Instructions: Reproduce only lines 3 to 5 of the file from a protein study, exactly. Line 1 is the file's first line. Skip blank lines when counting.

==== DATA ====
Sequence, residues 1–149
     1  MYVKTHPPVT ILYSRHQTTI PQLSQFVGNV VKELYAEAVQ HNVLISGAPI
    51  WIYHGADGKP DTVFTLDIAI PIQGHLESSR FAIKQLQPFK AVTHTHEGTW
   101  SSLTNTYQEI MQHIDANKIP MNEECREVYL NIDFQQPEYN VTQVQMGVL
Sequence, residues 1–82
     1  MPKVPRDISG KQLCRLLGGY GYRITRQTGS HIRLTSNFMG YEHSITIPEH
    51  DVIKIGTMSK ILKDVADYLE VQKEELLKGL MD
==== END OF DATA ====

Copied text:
    51  WIYHGADGKP DTVFTLDIAI PIQGHLESSR FAIKQLQPFK AVTHTHEGTW
   101  SSLTNTYQEI MQHIDANKIP MNEECREVYL NIDFQQPEYN VTQVQMGVL
Sequence, residues 1–82